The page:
Targeted treatments benefit only a minority of lung-cancer patients. For the rest, the hunt continues for drivers that might prove vulnerable to therapy. Most progress has been seen in people diagnosed with adenocarcinoma and who do not smoke, many of whom have cancers that have arisen through one primary driver mutation (see page S12). By contrast, the mutational load in a smoker's tumour can be overwhelming, making it a challenge to separate the signals of likely driver mutations from the noise generated by large numbers of 'passenger' mutations that make a minimal contribution to tumour growth.

But even targeting the genetic culprit in a single driver mutation can be tricky. Take the example of the oncogene KRAS, which encodes a signalling protein involved in cell proliferation. KRAS mutations appear in as many as one-quarter of adenocarcinomas, but attempts at targeted therapy have so far failed. A study reported at the 2014 ASCO meeting suggests that a subset of patients with KRAS-mutant NSCLC may benefit from a combination of drugs that target several proteins in the same biological pathway as KRAS. So far, only 10–15% of KRAS-mutant tumours respond to combination treatment, says Vassiliki Papadimitrakopoulou, a medical oncologist at the MD Anderson Cancer Center in Houston, Texas, who helped to coordinate the study. “We would like to see more than that.”

For patients with non-adenocarcinoma lung cancers, targeted options are limited. Very few patients with squamous cell carcinoma (SCC) — the second most common form of lung cancer — have EGFR or ALK driver mutations. Most SCC tumours occur in smokers, and are plagued by the same extensive genomic mutation that is confounding efforts to apply targeted treatment to smokers' adenocarcinomas.

This may be about to change, thanks to the work of Govindan and his colleagues at the Cancer Genome Atlas (TCGA), which in 2012 published a detailed assessment of the SCC genomic landscape derived from tissue samples from 178 SCC tumours5. The results suggested a number of avenues for potential intervention. A mutation in the gene CDKN2A, for example, is found in 70% of SCC tumours and could be a target.

Joint forces

The urgent need for progress in lung-cancer treatment has inspired Papadimitrakopoulou, who is collaborating with other US investigators on the Lung Cancer Master Protocol. Launched in June, this multi-arm, multi-institutional clinical trial will use sequencing to match SCC patients with targeted drug candidates. It will also accumulate a lot of cancer genomic data. “We will be characterizing the largest set of SCCs across the United States,” says Papadimitrakopoulou.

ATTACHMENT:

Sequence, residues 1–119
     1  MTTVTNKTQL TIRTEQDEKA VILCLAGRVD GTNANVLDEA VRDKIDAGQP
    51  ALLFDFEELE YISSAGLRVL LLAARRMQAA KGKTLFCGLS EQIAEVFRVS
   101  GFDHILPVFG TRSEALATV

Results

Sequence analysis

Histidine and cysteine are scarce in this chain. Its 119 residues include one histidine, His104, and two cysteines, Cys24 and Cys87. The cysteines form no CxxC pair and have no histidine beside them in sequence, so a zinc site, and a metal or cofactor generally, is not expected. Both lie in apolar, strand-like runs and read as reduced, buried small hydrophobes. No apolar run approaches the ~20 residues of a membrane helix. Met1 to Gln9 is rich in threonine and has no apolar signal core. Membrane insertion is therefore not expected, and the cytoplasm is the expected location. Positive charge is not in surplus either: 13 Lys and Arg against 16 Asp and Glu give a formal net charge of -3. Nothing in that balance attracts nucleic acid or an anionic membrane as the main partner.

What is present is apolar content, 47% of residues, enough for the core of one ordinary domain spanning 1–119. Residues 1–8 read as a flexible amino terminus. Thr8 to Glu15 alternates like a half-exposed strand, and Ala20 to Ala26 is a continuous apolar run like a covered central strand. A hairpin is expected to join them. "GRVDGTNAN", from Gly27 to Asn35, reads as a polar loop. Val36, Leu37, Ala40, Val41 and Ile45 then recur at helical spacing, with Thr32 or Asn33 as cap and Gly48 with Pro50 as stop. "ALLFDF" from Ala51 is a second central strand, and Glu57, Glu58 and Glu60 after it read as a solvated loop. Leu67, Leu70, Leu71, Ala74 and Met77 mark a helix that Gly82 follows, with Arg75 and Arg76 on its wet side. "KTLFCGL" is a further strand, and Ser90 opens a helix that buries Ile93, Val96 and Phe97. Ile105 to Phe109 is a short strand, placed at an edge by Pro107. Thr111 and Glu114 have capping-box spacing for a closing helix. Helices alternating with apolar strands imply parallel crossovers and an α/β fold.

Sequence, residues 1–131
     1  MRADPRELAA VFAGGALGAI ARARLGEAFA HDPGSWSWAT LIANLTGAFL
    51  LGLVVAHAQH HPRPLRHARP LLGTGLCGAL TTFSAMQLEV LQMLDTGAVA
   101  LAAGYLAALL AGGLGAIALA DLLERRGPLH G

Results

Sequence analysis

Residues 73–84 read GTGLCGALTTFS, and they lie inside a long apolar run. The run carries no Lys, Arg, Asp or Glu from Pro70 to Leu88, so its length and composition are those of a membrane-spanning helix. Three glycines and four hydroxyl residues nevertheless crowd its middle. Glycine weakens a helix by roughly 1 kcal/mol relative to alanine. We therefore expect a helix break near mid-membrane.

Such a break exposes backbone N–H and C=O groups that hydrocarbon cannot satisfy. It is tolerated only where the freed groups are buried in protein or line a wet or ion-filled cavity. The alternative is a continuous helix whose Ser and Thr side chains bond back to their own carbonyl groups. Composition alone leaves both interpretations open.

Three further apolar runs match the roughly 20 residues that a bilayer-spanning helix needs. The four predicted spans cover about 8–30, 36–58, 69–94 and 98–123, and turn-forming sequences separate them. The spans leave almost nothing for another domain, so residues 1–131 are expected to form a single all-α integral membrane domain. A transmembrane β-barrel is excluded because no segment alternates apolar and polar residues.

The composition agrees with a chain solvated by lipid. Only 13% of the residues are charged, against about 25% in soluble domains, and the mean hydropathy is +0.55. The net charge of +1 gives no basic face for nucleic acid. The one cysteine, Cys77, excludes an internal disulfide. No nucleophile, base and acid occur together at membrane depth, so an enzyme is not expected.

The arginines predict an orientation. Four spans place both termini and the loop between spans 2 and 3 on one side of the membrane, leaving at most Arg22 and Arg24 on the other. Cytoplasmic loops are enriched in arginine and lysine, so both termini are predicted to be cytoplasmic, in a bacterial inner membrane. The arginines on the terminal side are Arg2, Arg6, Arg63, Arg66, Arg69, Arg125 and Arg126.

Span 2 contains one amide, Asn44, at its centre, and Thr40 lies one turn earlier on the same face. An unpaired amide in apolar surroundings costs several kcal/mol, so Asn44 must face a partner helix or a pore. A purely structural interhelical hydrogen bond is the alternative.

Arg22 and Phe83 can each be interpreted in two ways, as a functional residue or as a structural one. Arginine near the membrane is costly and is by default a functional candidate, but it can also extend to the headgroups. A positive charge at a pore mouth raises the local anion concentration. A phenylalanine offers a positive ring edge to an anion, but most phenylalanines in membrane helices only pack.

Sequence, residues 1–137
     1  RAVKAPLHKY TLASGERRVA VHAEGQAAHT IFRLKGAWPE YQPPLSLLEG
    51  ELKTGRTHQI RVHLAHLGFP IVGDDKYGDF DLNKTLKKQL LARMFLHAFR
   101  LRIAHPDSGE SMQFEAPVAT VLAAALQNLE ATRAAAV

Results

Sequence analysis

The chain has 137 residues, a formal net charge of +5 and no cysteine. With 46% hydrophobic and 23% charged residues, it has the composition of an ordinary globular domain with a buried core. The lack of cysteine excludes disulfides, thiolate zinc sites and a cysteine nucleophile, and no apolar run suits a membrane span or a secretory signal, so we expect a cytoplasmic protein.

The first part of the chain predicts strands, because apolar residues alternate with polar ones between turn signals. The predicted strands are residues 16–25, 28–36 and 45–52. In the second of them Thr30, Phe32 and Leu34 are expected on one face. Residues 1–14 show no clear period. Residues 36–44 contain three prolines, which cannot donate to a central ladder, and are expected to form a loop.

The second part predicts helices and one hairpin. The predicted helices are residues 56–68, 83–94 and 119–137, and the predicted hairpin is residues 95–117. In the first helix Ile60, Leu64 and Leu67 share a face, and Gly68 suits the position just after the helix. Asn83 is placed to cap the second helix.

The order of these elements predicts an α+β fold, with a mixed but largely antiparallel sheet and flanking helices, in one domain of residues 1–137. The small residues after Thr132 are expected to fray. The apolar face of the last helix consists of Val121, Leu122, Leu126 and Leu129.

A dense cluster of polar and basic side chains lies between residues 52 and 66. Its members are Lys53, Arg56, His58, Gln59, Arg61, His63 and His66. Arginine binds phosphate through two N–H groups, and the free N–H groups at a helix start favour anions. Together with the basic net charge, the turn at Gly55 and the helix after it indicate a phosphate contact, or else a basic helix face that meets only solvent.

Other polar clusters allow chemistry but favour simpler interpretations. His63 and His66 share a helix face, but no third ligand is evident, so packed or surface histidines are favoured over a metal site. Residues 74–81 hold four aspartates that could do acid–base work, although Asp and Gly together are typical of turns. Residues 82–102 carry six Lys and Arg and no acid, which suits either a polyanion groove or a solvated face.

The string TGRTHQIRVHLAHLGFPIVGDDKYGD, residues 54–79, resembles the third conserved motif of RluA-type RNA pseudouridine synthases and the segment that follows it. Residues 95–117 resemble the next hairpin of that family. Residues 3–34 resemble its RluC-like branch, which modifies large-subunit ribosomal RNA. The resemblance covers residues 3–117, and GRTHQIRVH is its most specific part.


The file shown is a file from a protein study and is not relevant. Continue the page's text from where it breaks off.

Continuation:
Govindan and his colleagues are also working on large-scale genomic analysis. After a genomic survey of mutations in 230 adenocarcinoma tumours6, published in July 2014, he and fellow TCGA coordinators Louis Staudt and Matthew Meyerson are working on plans to study a larger number of tumour samples in the hope of detecting additional targetable drivers.

If you have lung cancer in 2014, the first thing we do is a genetic test for potential drivers.

The robust performance of drugs that target ALK and EGFR has made testing for mutations in these genes routine. But as the cost of sequencing plummets, some clinicians believe that it makes more sense to survey hundreds of cancer-related genes rather than just those two to provide a larger set of potential targets. Kris is among the evangelists for extensive clinical sequencing. “If you have lung cancer in 2014, the first thing we do is a biopsy that includes a comprehensive genetic test for all potential drivers,” he says. Companies are also providing the tools to do this. Foundation Medicine, a company in Cambridge, Massachusetts, co-founded by TCGA scientists, generates oncology diagnostic reports for clinicians based on sequencing data from 236 cancer-associated genes. The company expects to do 25,000 tests in 2014, up from 9,000 in 2013. In June, the Memorial Sloan Kettering Cancer Center forged a partnership with Quest Diagnostics of Madison, New Jersey, to broaden clinician access to the centre's in-house genetic test, which also surveys numerous oncogenes in parallel.

Genetic analyses could help to identify patients with mutations that are rare in lung cancer but are common in other tumour types. For example, a subset of adenocarcinoma patients with mutations affecting the RET gene might benefit from cabozantinib, a drug that targets this alteration in thyroid cancer7. And with much of the pharmaceutical industry's oncology efforts focused on developing targeted drugs, data from sequencing the genes of lung-cancer patients can also help to direct those patients to clinical trials. To assess the impact of sequencing on lung-cancer care, Kris and other scientists — who formed a group called the Lung Cancer Mutation Consortium — sequenced as many as 10 known oncogenes in more than 1,000 patients. Kris reports that 28% of the people tested were matched to clinical trials they might not otherwise have known about8.

As with KRAS, many oncogenes are informative scientifically but are not medically useful, leading some researchers to question the short-term benefits of routine, large-scale tumour sequencing in patients — a practice Mok says is unlikely to improve lung-cancer care significantly until the next EGFR comes along. Still, he believes that genetic analysis must be embedded into the diagnostic process so that drugs can be matched to a patient as quickly as possible — he holds out hope that new drivers will soon join ALK and EGFR.

As would everyone struggling to find new weapons against this lethal disease. With such resources at hand, more doctors might look forward to experiencing the sweet satisfaction Govindan encountered on providing his patient with just the treatment she needed to buy years of additional life.


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Eisenstein, M. Personalized medicine: Special treatment. Nature 513, S8–S9 (2014).